Fact of the Day: bubble gum
Walter Diemer was an accountant working for the Fleer Chewing Gum Co. when he accidentally invented bubble gum in 1928. While experimenting with different recipes during his spare time, he came up with a formula that blew firm, dry bubbles and easily peeled off the face after popping. The first batch of the bubble gum was colorless. Diemer added some pink food coloring to the second batch because it was the only color on hand. When “Double Bubble” was introduced later that year, the pink coloring was kept. Most bubble gum today is still pink.
Feast day of St. Catherine of Siena, St. Wilfrid the Younger, St. Hugh of Cluny, St. Endellion, St. Joseph Cottolengo, St. Robert of Molesme, and St. Peter the Martyr.
Japan: Greenery Day.
1429 – Joan of Arc entered the besieged city of Orleans to lead a victory over the English.
1813 – A patent for rubber was given to J.F. Hummel of Philadelphia, Pennsylvania.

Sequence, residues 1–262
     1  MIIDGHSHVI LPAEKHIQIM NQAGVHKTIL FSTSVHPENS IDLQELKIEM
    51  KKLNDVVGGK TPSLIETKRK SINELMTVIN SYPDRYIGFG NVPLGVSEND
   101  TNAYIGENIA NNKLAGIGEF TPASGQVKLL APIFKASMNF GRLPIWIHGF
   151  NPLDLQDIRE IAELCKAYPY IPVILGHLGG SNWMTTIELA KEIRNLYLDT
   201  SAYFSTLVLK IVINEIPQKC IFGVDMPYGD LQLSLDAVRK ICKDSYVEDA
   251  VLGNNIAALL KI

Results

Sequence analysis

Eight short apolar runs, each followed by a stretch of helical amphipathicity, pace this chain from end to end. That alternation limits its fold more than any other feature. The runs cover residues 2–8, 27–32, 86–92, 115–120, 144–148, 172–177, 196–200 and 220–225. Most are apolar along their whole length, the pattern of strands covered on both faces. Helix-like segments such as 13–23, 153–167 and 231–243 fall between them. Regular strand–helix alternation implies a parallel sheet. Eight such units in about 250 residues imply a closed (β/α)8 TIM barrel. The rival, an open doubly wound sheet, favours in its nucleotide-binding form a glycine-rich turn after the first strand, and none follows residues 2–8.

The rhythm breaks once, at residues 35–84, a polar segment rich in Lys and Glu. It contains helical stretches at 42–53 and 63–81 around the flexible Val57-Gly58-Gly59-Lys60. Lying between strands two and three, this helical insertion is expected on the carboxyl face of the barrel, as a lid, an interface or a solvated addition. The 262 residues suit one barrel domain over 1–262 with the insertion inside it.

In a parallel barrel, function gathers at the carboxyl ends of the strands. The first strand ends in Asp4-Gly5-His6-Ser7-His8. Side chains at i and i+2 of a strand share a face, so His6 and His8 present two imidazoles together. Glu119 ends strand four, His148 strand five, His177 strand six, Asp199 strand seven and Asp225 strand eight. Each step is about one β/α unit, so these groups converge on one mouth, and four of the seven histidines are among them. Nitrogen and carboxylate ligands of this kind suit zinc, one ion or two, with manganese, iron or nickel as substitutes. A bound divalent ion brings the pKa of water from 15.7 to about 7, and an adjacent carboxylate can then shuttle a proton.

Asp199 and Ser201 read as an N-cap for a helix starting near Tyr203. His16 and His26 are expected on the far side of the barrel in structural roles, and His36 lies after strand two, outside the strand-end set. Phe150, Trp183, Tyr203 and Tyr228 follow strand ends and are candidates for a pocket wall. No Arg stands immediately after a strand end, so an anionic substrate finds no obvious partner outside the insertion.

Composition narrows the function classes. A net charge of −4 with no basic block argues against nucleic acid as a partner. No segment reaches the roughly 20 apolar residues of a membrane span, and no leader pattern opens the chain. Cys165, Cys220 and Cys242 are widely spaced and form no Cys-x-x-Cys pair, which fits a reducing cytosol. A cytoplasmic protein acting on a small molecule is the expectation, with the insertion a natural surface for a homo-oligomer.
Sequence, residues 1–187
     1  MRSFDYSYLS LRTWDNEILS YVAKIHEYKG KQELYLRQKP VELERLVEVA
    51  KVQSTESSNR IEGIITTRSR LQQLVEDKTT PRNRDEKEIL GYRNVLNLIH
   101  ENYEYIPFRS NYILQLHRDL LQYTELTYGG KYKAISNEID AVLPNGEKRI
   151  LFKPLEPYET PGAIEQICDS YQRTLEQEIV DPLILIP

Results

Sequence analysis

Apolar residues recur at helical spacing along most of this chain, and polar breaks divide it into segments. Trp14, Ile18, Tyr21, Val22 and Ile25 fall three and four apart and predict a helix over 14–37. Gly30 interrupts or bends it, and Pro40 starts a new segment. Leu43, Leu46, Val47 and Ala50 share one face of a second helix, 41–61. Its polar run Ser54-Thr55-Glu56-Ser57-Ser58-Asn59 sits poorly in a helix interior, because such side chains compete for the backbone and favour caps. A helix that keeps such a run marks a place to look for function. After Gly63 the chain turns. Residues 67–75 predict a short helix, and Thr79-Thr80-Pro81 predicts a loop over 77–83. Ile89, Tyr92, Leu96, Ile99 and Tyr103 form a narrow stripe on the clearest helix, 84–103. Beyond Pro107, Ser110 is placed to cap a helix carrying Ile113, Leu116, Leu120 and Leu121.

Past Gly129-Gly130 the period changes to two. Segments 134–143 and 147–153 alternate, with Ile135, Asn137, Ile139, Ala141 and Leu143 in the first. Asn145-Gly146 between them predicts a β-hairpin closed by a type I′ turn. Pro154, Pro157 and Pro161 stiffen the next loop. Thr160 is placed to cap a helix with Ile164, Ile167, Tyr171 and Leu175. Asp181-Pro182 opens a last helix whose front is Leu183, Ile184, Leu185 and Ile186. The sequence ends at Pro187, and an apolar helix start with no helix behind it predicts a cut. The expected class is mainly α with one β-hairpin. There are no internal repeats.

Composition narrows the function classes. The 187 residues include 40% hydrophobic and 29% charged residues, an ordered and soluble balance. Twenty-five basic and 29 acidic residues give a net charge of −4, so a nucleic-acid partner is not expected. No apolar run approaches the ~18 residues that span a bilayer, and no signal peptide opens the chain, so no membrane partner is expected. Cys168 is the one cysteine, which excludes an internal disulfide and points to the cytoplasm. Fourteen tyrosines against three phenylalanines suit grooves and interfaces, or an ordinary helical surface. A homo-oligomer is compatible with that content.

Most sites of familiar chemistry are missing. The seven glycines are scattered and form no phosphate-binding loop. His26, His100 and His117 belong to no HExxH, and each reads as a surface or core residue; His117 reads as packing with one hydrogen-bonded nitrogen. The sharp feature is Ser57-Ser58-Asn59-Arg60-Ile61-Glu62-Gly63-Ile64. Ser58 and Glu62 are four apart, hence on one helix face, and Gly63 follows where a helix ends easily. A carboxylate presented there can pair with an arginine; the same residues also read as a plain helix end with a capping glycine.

1852 – The first edition of Peter Roget‘s “Thesaurus” was published.
1854 – Ashmun Institute, the first college founded solely for African-American students, was officially chartered.
1861 – Maryland voted against seceding from the Union.
1862 – New Orleans fell to Union forces during the Civil War.
1864 – Theta Xi, a fraternity, was founded — in Troy, New York.
1913 – Swedish-born U.S. inventor Gideon Sundback patented the zipper.
1945 – American soldiers liberated the Dachau concentration camp, the first concentration camp established by the Nazi regime.
1945 – Adolf Hitler married Eva Braun and designated Admiral Karl Doenitz his successor. Hitler killed himself the next day.
1946 – Twenty-eight former Japanese leaders were indicted as war criminals.
1992 – Four white policemen in Los Angeles were acquitted of beating Rodney King, a black motorist, despite videotape evidence.
2003 – The Palestinian parliament approved Mahmoud Abbas as prime minister.
1792 – Matthew Vassar, American, brewer, founder and namesake of Vassar College.
1818 – Alexander II, Russian emperor (1855-81), emancipated the serfs in 1861.
1863 – William Randolph Hearst, American publishing magnate.
1899 – Duke (Edward Kennedy) Ellington, American jazz musician, bandleader.
1901 – Hirohito, Japan‘s longest reigning emperor (1926-1989).
1936 – Zubin Mehta, Indian-born American conductor, and son of Mehli Mehta, founder of the Bombay Symphony.
1951 – Dale Earnhardt, stock car driver, with one of the most successful careers in motorsports.
1954 – Jerry Seinfeld, American comedian and television celebrity.
1970 – Andre Agassi, professional tennis player.